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Bill Plaschke

Dodgers Flip the Switch on Angels This Season

May 21, 2006|Bill Plaschke | Bill Plaschke can be reached at To read previous columns by Plaschke, go to

The kid third baseman settled in for the sort of sixth-inning battle that the Angels always won.

Only, this kid played for the Dodgers.

Willy Aybar fouled off the first pitch. He fouled off the third pitch. He sawed off his bat in fouling off the fourth pitch.

The fifth pitch scraped the top of his shoes.

"A little low," he said with a grin.

Yeah, and a little gone. Aybar golfed the ball into the right-field stands Saturday for a three-run homer, a tie game and the sort of wacky role reversal that would only work in Hollywood.

Last season, the Angels took the Dodgers' name.

This season, the Dodgers have taken the Angels' game.

This isn't a Freeway Series, it's Freaky Friday.

"Watching it happen like this, this is fun," said Brett Tomko, a boyish smile filling his veteran face.

Fun for one side, anyway. The Dodgers won their second consecutive game against the Angels with an eye-popping, 8-4 comeback victory Saturday at Dodger Stadium.

Check out Dodgers fans growing bold enough to chant anti-Angels slogans.

Check out Frank and Jamie McCourt being bold enough to cuddle in front of their seats during the postgame playing of "I Love L.A."

But more than anything, check out the numbers.

Two days, 24 Dodger runs, 35 Dodger hits, two inescapable conclusions.

These Angels look like last year's Dodgers.

These Dodgers look like last year's Angels.

That Angels team that advanced to the American League championship series, just three wins from a World Series, losing to the eventual World Series-champion Chicago White Sox?

It has become, almost overnight, a team of tired veterans and tentative kids.

Its aging stars move around like something out of a grainy black-and-white movie, its hot prospects stagger around like bad Saturday morning cartoons. They are scarier in the shower than on the base paths, and their manager can only sigh.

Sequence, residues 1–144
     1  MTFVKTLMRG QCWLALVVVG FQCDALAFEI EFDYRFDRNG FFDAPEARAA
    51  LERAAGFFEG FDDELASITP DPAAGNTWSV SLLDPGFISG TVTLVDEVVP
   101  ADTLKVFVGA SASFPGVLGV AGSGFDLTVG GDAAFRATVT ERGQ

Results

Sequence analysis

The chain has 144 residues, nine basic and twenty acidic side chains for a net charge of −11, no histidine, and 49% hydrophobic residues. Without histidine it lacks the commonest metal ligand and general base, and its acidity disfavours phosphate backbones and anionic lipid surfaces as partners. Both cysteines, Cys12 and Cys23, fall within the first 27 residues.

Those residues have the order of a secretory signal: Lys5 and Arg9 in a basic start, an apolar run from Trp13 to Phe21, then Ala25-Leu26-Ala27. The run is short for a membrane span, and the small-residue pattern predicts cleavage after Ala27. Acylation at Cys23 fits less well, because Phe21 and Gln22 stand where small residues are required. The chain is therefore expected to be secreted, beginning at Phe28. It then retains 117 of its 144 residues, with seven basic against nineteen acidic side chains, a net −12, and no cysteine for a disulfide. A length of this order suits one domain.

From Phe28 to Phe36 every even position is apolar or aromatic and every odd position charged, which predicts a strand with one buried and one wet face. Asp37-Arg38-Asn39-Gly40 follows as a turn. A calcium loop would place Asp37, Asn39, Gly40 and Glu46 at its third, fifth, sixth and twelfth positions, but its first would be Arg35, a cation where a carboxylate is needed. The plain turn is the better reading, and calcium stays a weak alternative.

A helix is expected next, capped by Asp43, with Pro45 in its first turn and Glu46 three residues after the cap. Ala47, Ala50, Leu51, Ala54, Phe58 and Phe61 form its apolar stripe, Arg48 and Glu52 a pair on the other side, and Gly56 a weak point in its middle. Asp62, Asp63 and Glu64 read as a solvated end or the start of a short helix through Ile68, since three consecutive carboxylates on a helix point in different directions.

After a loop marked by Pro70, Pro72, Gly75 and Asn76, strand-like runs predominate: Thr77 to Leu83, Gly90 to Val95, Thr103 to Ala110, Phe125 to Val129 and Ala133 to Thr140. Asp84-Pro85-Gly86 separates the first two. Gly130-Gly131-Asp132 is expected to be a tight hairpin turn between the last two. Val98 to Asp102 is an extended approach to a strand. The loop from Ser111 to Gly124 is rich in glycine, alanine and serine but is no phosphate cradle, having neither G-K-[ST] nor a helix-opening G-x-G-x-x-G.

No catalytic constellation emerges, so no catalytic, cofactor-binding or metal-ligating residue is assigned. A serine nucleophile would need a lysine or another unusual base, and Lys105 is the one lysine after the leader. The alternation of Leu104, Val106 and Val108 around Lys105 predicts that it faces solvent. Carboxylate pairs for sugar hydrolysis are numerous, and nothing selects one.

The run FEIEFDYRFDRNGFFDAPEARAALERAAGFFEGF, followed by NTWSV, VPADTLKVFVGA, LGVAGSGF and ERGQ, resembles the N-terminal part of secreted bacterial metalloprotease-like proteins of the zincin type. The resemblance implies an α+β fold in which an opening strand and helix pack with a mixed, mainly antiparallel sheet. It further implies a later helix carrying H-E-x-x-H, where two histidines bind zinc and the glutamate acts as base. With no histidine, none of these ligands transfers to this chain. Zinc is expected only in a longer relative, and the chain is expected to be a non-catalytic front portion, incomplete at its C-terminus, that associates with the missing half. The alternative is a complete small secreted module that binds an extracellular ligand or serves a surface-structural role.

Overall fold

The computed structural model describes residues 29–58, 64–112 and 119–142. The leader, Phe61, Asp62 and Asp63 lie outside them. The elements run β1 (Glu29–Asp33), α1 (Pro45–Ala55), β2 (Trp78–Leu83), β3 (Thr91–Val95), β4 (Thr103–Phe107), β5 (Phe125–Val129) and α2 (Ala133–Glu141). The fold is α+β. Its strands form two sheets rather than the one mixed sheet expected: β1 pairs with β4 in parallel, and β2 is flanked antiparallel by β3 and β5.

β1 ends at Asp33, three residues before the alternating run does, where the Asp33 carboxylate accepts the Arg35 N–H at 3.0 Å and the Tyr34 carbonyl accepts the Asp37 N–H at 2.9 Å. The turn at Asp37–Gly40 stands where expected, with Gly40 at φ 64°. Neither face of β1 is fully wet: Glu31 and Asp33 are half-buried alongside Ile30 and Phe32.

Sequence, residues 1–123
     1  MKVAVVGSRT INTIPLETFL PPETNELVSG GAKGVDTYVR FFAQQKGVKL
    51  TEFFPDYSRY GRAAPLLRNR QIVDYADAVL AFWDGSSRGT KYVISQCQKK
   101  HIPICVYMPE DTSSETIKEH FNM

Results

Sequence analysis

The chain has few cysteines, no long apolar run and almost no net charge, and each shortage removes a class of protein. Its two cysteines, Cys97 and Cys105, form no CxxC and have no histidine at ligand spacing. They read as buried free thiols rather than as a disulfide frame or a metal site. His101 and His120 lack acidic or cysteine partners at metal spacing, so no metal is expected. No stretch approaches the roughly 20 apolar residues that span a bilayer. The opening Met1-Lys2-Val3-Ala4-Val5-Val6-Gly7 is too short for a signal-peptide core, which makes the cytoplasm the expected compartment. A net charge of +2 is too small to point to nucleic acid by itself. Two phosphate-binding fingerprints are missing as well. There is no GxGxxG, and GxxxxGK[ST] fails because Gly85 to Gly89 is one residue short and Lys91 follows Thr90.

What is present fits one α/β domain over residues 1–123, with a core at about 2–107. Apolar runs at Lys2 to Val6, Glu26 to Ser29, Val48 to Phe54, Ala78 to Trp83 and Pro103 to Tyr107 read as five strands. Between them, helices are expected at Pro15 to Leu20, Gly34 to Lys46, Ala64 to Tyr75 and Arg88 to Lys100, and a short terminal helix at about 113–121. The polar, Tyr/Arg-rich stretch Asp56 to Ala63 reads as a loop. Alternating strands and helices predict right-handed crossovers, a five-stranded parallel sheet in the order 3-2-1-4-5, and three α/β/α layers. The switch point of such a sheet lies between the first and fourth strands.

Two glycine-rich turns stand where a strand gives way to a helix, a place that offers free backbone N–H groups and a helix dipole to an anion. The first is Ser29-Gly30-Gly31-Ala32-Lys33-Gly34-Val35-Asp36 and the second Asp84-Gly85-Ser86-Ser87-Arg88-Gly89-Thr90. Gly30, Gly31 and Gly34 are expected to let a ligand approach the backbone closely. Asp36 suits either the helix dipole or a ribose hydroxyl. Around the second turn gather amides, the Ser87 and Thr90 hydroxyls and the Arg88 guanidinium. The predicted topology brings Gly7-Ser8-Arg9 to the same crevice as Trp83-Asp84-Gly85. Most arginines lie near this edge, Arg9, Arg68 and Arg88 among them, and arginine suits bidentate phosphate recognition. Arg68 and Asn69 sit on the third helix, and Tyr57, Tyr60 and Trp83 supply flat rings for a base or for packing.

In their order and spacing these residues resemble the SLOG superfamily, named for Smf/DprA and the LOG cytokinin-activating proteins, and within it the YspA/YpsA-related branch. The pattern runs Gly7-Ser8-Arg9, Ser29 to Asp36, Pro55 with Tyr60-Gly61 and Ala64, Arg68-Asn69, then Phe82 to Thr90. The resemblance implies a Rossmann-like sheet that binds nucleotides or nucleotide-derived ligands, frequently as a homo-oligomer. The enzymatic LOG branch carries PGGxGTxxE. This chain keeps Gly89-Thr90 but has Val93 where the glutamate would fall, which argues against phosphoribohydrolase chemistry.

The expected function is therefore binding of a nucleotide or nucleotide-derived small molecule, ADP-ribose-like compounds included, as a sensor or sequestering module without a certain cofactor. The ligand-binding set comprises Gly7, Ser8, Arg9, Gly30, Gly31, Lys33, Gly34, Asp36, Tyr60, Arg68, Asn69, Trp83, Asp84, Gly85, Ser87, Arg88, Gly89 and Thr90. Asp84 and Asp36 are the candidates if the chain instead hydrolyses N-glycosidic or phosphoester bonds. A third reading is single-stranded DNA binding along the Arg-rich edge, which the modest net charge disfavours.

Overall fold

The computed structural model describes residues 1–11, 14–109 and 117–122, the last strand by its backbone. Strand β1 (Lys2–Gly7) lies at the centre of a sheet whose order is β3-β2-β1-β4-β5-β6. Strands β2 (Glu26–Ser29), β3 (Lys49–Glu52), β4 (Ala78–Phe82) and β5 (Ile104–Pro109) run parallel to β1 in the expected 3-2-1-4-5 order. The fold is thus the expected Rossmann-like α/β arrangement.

"To get through the schedule, we have to have depth, and right now, our depth is not enough," Mike Scioscia said.

Sound familiar?

They have become, yeah, the DePodesta Dodgers.

And the Dodgers, who spent days last winter without a manager, a general manager, a future or even a clue?

They have become, almost overnight, brainy and balanced contenders.

The veterans that General Manager Ned Colletti hoarded this winter like canned goods, including Manager Grady Little, have turned the clubhouse into a sort of pennant preparedness kit, a safe and steady place for a handful of rookies who have been relaxed enough to contribute.

They have become, yeah, the Scioscia Angels.

"On winning teams, you always have the guys you can count on every day, the stars, but championships are won with the other guys," said Tomko, who gave up four runs in six innings Saturday but gave the Dodgers a chance to win. "You win with guys who filter in throughout the season and succeed."

For two years the Angels haven't filtered, they have forced.

They have pushed youngsters into the lineup by clearing out such stars as Troy Glaus, Bengie Molina and Jarrod Washburn.

Under such pressure, the kids have faded quicker than old issues of Baseball America, with Dallas McPherson, Casey Kotchman and Jeff Mathis offering little more than postage stamp-sized versions of their potential.

"The learning curve around here has reared its ugly head," Scioscia said.

The Dodgers, meanwhile, have filtered.

None of the three kids making nice contributions started this season in the big leagues.

All three were brought up as injury replacements, their expectations hushed, their pressure low, the veterans hovering around for help.

"When you bring up players to a big stage like this one -- this is not off-Broadway, this is Broadway -- you need to give them a safety net," Colletti said.

So catcher Russell Martin shows up with little fanfare, plays quietly and hard, and guess what? The Dodgers go 11-2 when he's in the lineup.

"Yeah, I'm still pinching myself, this is surreal," said Martin, who beat out a potential double-play grounder for an RBI Saturday.

And outfielder Andre Ethier shows up one day, runs around the outfield for a couple of games, and suddenly he's going five for five.

"Yeah, that's a good way to describe it," he said. "Surreal."

And, finally, there is third baseman Aybar, called up earlier this month after a nice finish here last September.

No pressure, no talk of potential, no problem.

In the first inning Saturday, he dived across the foul line to grab a grounder by Chone Figgins, then threw him out, setting the tone for an afternoon of effort.

"An impressive play," he said through an interpreter.

Then, in the sixth, he hit the game-tying homer that was followed by J.D. Drew's pinch-hit, tiebreaking homer in the seventh.

"Fun to watch," said Drew, another boyish smile filling another veteran face.

The Dodgers won for the 11th time in 14 games.

The Angels lost for the 10th time in 14 games.


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